Posts from — January 2010
A STORY this week in New Scientist (which I wrote) looks at the likelihood of the European Space Agency’s Planck satellite detecting gravitational waves generated during inflation. Stephen Hawking’s wager with Neil Turok adds a touch of spice to the tale. At a meeting in Cambridge last August on primordial gravitational waves, Hawking reiterated his 2002 bet with Turok, arguing “that primordial gravitational waves will be observed, with a ratio of tensors to scalars, of above 5%.”
Basically, Hawking is betting that inflation would have generated gravitational waves strong enough to be detected by Planck (not directly, but as imprints in the cosmic microwave background). Inflation is that episode in the history of the universe – just a fraction of a second after the big bang – when the universe expanded exponentially. Inflation is needed to explain why the universe is flat and homogeneous, and is thought to have occurred when a field called the inflaton suffused spacetime and changed very slowly (physicists talk of the inflaton rolling down a gently-sloping potential hill). This caused spacetime to literally blow up. It was a very violent period, leading to the roiling of spacetime and the generation of gravitational waves.
Turok, on the other hand, argues that inflation never occurred. He and Paul Steinhardt explain the observed properties of the cosmos using their cyclic universe model, which posits that the universe cycles through a series of big bangs and big crunches. In their model, the gravitational waves generated in the early universe would not have been strong enough to leave a detectable imprint on the CMB.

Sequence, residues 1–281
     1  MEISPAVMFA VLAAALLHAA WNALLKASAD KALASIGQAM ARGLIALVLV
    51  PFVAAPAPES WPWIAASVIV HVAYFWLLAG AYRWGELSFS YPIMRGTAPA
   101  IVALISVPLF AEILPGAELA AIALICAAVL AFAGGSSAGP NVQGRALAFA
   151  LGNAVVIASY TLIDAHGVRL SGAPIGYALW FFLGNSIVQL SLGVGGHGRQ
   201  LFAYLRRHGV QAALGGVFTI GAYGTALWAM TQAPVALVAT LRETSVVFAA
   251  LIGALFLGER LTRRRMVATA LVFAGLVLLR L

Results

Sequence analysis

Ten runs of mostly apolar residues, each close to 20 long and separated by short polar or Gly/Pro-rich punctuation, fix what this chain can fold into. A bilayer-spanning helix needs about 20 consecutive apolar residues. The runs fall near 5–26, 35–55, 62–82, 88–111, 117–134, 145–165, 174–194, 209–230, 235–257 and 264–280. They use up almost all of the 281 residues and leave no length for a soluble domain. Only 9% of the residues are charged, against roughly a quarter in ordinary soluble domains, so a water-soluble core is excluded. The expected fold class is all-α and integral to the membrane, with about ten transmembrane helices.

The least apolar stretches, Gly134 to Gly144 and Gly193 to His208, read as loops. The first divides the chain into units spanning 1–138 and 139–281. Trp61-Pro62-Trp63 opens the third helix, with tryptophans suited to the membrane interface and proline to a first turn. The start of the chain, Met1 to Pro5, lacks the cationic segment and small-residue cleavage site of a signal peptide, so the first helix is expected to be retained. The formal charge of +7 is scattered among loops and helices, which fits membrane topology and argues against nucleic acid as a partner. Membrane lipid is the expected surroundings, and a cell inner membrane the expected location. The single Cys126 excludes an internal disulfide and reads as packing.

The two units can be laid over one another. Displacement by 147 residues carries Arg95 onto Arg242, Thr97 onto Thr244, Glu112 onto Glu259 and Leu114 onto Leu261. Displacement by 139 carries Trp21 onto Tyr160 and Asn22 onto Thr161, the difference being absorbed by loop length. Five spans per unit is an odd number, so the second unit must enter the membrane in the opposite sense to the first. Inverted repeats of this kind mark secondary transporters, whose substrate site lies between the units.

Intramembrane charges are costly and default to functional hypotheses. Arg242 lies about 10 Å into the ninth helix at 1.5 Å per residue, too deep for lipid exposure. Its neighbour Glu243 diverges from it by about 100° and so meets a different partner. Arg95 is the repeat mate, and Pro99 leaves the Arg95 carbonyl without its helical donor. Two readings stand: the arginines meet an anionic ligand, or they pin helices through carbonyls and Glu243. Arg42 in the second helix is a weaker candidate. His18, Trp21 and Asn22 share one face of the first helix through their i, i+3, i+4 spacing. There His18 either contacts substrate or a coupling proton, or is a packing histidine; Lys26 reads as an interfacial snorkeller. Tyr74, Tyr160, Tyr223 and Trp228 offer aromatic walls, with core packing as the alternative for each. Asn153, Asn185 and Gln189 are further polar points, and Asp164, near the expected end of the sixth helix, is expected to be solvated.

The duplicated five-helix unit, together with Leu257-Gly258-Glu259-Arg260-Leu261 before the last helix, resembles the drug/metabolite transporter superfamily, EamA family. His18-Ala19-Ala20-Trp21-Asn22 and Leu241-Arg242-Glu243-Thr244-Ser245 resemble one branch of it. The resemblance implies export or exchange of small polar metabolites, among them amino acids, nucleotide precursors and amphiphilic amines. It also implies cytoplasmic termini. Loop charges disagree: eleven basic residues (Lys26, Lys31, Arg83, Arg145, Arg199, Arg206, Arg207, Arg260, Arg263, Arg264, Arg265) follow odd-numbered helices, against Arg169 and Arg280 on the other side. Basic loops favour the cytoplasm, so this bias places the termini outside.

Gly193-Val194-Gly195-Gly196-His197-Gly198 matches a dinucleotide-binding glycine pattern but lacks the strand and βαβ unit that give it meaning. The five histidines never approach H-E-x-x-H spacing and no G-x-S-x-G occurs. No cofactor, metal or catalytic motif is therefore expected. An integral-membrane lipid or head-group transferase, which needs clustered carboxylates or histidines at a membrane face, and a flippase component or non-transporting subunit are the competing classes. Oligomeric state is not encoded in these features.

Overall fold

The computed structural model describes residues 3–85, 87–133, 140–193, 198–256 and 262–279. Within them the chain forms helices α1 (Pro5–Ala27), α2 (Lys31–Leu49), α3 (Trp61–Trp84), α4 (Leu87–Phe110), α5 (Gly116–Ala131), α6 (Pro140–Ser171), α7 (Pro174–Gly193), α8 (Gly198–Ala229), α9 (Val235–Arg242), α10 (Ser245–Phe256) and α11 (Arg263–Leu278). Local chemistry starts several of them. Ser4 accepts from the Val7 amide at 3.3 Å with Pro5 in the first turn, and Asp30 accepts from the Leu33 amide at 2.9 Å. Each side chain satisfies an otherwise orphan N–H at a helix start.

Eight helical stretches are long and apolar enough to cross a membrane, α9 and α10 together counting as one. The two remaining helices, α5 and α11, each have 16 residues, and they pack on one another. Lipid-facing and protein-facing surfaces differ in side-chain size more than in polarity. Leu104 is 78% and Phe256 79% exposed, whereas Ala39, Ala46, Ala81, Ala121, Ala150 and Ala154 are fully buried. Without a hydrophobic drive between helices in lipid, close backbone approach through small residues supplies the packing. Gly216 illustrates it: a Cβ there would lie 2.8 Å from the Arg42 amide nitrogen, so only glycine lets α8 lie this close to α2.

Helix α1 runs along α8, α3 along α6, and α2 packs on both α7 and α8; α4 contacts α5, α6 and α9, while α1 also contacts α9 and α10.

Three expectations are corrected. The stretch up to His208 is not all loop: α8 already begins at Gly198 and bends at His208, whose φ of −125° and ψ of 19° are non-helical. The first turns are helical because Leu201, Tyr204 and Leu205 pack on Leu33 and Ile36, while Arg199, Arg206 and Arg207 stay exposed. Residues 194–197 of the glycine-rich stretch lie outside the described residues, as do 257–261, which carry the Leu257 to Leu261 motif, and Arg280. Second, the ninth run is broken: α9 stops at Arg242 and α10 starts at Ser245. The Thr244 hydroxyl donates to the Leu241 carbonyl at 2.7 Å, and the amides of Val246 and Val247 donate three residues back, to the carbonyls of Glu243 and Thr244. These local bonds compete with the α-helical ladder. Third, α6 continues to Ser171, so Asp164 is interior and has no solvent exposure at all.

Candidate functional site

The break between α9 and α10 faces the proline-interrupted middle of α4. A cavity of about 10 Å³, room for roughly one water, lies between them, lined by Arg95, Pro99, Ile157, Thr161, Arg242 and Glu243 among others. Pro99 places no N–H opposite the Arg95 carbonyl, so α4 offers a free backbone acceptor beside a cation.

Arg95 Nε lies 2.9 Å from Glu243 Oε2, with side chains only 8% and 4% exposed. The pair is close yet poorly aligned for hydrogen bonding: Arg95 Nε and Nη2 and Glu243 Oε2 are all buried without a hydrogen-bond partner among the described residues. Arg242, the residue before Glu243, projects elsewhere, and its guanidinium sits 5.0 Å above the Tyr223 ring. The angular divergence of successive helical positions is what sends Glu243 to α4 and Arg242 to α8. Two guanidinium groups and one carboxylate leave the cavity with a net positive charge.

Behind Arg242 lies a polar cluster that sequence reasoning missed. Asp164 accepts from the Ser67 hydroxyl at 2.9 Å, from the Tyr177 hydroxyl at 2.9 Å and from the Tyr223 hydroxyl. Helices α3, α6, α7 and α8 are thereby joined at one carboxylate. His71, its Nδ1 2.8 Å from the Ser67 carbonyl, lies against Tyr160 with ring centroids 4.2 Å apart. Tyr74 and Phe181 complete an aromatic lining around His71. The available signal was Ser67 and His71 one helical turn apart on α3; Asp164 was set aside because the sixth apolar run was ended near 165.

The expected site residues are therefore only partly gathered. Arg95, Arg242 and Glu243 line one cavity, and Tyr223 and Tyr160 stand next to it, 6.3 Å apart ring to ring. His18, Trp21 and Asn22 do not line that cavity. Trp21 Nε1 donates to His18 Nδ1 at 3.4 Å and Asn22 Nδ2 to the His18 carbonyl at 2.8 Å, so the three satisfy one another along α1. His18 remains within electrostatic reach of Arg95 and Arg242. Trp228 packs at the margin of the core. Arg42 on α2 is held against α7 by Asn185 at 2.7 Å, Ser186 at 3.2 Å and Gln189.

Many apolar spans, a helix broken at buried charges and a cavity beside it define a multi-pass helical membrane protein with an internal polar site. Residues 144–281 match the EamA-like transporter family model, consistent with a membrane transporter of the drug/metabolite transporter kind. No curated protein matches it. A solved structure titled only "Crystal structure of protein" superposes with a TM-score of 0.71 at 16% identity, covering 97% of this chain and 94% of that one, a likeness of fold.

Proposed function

But it’s possible that inflation could have occurred, and yet the gravitation waves would not have been strong enough for Planck to see. So, Hawking could still lose the bet, without Turok and Steinhardt being right about the cyclic universe model.
How could that happen? Well, the New Scientist story explains one physicist’s take on it. Qaisar Shafi of the University of Delaware worked out models of inflation in which the inflaton field rolls down a potential that’s similar to the potential of the Higgs field. Add to that the fact that at the end of inflation, the inflaton field has to interact with standard model fields to reheat the universe and give rise to the standard model particles. One consequence of this is that the inflation-generated gravitational waves would not be strong enough for Planck to detect.
The strength of gravitational waves could also be lower if the universe is supersymmetric, an idea that says that there is a super-partner particle for every known standard model particle (see New Scientist feature on supersymmetry). Say, the Large Hadron Collider detects supersymmetry at the teraelectronvolt (TeV) scale. What this would mean is that the gravitino (the super-partner of the graviton) is only about a thousand times heavier than a proton. And this has implications for inflation: a gravitino with such a mass means that the energy scale of the universe at the end of inflation was also small, and as such, any inflation-generated gravitational waves would not be within reach of Planck.
I suspect most physicists would rather find evidence for supersymmetry at the LHC and forego the detection of inflation-generated gravitational waves until a future, more sensitive experiment is ready.
Why? Well, supersymmetry is the most likely candidate for physics beyond the standard model (and we know there has to be physics beyond the standard model). Finding evidence of supersymmetry would help physicists chart a course towards a theory of quantum gravity.